Calculating rare biophysical events. A study of the milestoning method and simple polymer models.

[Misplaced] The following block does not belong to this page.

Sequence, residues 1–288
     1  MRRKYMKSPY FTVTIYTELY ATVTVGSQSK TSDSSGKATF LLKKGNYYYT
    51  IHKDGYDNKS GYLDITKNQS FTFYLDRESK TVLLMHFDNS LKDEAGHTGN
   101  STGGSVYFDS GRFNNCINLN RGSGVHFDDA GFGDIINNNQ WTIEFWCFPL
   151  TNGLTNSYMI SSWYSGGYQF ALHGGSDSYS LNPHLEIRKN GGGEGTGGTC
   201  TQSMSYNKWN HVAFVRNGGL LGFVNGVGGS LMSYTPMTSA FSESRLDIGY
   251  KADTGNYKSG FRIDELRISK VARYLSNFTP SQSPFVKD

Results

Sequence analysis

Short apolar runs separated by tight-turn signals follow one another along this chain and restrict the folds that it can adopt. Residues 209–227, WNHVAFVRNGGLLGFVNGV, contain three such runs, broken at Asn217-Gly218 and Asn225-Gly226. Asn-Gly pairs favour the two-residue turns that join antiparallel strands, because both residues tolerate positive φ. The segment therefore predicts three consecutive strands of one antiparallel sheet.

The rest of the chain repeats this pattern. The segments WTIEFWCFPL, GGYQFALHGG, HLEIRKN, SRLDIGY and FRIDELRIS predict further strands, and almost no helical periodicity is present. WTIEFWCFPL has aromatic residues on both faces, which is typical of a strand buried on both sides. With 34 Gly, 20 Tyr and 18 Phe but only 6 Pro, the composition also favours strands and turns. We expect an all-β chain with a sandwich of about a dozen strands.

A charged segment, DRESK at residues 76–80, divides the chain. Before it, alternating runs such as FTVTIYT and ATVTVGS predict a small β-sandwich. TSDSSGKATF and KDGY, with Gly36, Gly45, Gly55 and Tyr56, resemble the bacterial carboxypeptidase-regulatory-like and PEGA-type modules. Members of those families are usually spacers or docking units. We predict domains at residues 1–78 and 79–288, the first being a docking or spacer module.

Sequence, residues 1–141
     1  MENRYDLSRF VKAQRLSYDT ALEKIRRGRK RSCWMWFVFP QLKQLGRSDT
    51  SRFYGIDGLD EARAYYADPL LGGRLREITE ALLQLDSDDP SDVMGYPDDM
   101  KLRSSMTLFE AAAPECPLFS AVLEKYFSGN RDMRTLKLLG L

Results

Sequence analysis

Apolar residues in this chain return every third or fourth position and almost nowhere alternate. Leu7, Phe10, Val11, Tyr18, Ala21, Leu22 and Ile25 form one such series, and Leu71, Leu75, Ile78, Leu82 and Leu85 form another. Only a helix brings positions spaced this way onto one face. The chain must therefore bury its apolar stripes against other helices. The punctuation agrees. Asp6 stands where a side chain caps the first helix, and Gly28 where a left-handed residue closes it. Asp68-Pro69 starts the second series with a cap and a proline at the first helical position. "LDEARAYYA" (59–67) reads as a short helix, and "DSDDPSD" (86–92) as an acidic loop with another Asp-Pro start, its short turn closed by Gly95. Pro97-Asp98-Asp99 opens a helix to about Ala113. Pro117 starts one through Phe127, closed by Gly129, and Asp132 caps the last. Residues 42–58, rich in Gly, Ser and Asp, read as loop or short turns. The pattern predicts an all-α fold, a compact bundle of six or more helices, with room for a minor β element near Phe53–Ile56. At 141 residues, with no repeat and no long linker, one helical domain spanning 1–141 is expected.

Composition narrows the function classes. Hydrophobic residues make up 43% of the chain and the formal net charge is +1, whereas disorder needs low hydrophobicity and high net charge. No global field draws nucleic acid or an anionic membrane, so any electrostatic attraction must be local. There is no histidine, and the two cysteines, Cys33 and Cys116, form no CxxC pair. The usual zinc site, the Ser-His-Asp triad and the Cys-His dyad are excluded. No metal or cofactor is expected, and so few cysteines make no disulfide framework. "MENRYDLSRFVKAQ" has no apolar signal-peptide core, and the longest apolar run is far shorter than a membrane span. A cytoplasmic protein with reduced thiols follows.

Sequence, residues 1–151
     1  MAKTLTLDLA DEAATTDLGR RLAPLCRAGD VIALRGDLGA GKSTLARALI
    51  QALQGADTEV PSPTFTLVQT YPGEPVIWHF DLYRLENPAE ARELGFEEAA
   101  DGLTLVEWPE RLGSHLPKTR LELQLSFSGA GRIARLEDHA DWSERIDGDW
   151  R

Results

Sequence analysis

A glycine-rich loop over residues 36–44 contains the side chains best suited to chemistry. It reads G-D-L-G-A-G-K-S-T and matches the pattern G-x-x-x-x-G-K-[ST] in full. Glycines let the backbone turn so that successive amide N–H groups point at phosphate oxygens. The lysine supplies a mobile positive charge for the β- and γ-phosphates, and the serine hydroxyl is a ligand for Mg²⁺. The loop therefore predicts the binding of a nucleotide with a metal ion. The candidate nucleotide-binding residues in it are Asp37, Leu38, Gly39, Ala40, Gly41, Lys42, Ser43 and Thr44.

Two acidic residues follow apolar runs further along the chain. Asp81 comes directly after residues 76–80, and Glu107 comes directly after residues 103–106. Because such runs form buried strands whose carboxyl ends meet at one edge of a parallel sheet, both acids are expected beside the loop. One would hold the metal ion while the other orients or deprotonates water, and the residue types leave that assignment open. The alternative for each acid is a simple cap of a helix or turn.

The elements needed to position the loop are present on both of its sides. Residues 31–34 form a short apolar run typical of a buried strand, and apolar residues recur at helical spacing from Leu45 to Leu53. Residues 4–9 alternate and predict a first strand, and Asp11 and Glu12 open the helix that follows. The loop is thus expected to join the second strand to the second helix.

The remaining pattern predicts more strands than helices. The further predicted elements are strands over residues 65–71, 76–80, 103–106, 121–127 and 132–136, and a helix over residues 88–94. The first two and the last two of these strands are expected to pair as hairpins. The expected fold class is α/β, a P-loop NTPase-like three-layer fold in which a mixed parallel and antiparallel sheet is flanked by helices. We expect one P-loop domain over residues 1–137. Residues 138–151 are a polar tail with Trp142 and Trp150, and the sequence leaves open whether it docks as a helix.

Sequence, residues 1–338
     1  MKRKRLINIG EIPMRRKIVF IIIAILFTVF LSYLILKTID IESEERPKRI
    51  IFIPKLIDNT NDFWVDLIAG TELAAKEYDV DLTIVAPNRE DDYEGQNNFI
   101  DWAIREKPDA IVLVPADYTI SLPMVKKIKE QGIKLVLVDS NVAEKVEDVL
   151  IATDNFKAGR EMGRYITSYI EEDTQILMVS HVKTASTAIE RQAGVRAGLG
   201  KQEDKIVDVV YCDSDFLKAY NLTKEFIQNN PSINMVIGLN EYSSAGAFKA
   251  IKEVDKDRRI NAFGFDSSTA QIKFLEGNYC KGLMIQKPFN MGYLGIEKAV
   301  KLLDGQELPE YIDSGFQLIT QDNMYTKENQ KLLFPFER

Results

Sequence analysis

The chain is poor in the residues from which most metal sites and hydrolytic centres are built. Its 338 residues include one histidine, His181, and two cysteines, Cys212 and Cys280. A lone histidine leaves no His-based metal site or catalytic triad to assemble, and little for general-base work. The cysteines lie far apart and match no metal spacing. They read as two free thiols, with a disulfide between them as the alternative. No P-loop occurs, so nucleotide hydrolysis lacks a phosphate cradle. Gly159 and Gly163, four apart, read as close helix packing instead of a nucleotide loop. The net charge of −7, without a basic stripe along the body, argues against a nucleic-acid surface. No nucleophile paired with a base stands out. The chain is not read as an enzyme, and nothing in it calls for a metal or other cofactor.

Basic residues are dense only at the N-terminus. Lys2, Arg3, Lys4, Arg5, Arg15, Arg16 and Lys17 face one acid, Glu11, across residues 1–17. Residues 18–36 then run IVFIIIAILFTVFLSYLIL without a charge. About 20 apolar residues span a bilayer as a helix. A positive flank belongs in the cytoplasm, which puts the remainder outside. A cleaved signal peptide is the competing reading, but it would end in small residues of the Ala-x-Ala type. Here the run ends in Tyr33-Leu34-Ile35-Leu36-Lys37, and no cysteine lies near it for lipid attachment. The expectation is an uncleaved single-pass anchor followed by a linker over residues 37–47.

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Performing simulations of large-scale bio-molecular systems has long been one of the great challenges of molecular biophysics. Phenomena, such as the folding and conformational rearrangement of proteins, often takes place over the course milliseconds-to-seconds. The methods of traditional molecular dynamics used to simulate such systems are on the other hand typically limited to giving trajectories of nanosecond-to-microsecond duration. The failure of traditional methods has thus motivated the development of many special purpose techniques that propose to capture the essential characteristics of systems over conventionally inaccessible timescales. This dissertation first focuses on presenting a set of advances made on one such technique, Milestoning. Milestoning gives a statistical procedure for recovering long trajectories of the system based on observations of many short trajectories that start and end on hypersurfaces in the system’s phase space. Justification of the method’s validity typically relies on the assumption that trajectories of the system lose all memory between crossing successive milestones. We start by giving a modified milestoning procedure in which both the memory loss assumption is relaxed and reaction mechanisms are more easily extracted. We follow with numerical examples illustrating the success of new procedure. Then we show how milestoning may be used to compute an experimentally relevant timescale known as the transit time (also known as the reaction path time). Finally, we discuss how time reversal symmetry may be exploited to improve sampling of the trajectory fragments that connect milestones. After discussing milestoning, the dissertation shifts focus to a different way of approaching the problem of simulating long timescales. We consider two polymers models that are sufficiently simple to permit numerical integration of the desired long trajectories of the system. In some limiting cases, we see their simplicity even permits some questions about the dynamcis to be answered analytically. Using these models, we make a series of experimentally verifiable predictions about the dynamics of unfolded polymers.